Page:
Israel–Kosovo relations

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Israeli-Kosovo relations
Map indicating locations of Israel and Kosovo



Israel–Kosovo relations refer to bilateral relations between Israel and the Republic of Kosovo[a]. Although Kosovo declared its independence from Serbia on 17 February 2008, Israel has not recognised sovereign Kosovo, but in 2015, gave indications that its stance could change in the future.[1][2]

Political relations[edit]

Israel was reluctant to recognise Kosovo's independence in part because an Israeli Foreign Ministry official already quoted by The Jerusalem Post said in February 2008: "We haven't decided when we're going to decide, and instead will monitor events and consider the issue." [3]

According to the Jewish Chronicle, Foreign Ministry officials and politicians were privately voicing a general sympathy towards the Kosovar cause, however, Israel would still not recognise Kosovo.[4] Knesset member Ruhama Avraham Balila said in February 2008 that "at present the government of Israel has made [the] decision not to join the group of countries which recognised the independence of Kosovo." She also said that Israel considers the situation "very disturbing."[5]

On 28 April 2009, Arthur Koll, the Israeli ambassador to Serbia, said that though it had been more than a year since Kosovo unilaterally declared independence, Israel had no intention of recognising the declaration, and that "Israel is asked from time to time how solid this decision is, but the fact is that Israel's position has not changed throughout this time. The Serbian people and government should appreciate Israel's position, which also demonstrates the friendship between the two states."[6][7]

On 16 September 2009, Israeli foreign minister Avigdor Lieberman said that Israel is "monitoring the situation between Serbia and Kosovo" and that Israel hopes for "a really comprehensive and peaceful solution" which would be established through negotiations between the two involved states. Lieberman also said that Israel would be able to withstand pressure to recognise Kosovo because Israel has "been under pressure since 1948 on many issues and we know how to deal with any pressure."[8] During a visit to Israel in late October 2009, Serbian Interior Minister Ivica Dačić, said that "Israeli officials have confirmed that Israel will remain firm in its stand [on Kosovo]."[9]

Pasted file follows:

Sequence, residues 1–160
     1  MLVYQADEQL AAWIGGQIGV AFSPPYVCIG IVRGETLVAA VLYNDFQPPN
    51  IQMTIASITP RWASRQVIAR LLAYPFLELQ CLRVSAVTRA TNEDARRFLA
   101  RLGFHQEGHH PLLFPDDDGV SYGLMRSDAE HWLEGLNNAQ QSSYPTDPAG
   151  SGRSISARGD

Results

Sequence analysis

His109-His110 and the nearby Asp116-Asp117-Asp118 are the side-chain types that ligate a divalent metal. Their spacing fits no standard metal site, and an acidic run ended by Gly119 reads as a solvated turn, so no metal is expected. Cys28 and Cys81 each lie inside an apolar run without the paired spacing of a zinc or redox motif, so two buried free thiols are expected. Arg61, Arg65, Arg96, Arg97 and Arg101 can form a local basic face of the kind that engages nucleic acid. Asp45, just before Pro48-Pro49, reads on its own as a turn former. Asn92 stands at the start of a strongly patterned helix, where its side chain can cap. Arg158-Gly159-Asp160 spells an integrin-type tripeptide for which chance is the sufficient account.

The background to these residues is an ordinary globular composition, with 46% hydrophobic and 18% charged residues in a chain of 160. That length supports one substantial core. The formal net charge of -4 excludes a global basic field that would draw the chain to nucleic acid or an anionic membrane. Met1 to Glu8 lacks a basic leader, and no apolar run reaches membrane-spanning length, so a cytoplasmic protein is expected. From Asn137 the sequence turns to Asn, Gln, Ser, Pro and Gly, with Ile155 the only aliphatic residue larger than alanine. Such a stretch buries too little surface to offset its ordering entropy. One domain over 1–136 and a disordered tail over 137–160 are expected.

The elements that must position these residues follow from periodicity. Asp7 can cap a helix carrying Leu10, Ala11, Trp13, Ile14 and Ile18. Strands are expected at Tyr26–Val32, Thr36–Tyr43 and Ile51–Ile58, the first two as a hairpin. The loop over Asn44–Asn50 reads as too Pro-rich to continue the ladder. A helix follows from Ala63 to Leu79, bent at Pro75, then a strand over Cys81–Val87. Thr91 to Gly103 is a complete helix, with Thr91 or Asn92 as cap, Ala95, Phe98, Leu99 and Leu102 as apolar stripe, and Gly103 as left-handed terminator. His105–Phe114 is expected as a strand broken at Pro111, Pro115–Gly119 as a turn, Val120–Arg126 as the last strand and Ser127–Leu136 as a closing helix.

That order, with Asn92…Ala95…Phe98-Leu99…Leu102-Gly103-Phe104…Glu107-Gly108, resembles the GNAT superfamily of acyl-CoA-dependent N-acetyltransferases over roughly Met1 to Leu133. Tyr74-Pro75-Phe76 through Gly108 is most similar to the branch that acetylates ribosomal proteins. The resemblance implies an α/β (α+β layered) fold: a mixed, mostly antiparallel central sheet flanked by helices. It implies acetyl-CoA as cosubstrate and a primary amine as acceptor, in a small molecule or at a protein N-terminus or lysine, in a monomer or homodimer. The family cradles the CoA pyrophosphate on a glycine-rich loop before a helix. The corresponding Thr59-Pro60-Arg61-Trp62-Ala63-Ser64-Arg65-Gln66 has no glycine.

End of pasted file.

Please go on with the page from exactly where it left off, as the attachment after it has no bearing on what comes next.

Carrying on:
In June 2011, Lieberman said that Kosovo's independence is a "sensitive issue" and that Israel may recognise Kosovo after other countries like Greece and Spain accept it.[10]

In 2011, Serbia voted to recognize Palestine as UNESCO's 195th member, against Israel's wishes. Belgrade declared that it would not have opposed a resolution recognizing Palestinian sovereignty, had one come before the UN General Assembly.[11]


a. ^ Kosovo is the subject of a territorial dispute between the Republic of Kosovo and the Republic of Serbia. The Republic of Kosovo unilaterally declared independence on 17 February 2008, but Serbia continues to claim it as part of its own sovereign territory. The two governments began to normalise relations in 2013, as part of the Brussels Agreement. Kosovo has received formal recognition as an independent state from 113 out of 193 United Nations member states.

See also[edit]